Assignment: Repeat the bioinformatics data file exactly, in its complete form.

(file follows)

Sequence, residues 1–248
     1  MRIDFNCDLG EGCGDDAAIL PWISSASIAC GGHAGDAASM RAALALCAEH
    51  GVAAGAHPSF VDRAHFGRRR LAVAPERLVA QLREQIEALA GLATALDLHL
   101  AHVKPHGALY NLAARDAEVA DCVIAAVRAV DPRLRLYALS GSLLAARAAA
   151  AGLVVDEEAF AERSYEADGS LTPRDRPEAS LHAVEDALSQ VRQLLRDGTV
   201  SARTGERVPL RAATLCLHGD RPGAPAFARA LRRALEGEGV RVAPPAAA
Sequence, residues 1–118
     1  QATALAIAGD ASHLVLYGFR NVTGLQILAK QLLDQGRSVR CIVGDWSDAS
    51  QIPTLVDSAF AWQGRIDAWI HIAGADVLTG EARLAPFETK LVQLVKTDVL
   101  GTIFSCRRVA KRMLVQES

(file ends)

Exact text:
Sequence, residues 1–248
     1  MRIDFNCDLG EGCGDDAAIL PWISSASIAC GGHAGDAASM RAALALCAEH
    51  GVAAGAHPSF VDRAHFGRRR LAVAPERLVA QLREQIEALA GLATALDLHL
   101  AHVKPHGALY NLAARDAEVA DCVIAAVRAV DPRLRLYALS GSLLAARAAA
   151  AGLVVDEEAF AERSYEADGS LTPRDRPEAS LHAVEDALSQ VRQLLRDGTV
   201  SARTGERVPL RAATLCLHGD RPGAPAFARA LRRALEGEGV RVAPPAAA
Sequence, residues 1–118
     1  QATALAIAGD ASHLVLYGFR NVTGLQILAK QLLDQGRSVR CIVGDWSDAS
    51  QIPTLVDSAF AWQGRIDAWI HIAGADVLTG EARLAPFETK LVQLVKTDVL
   101  GTIFSCRRVA KRMLVQES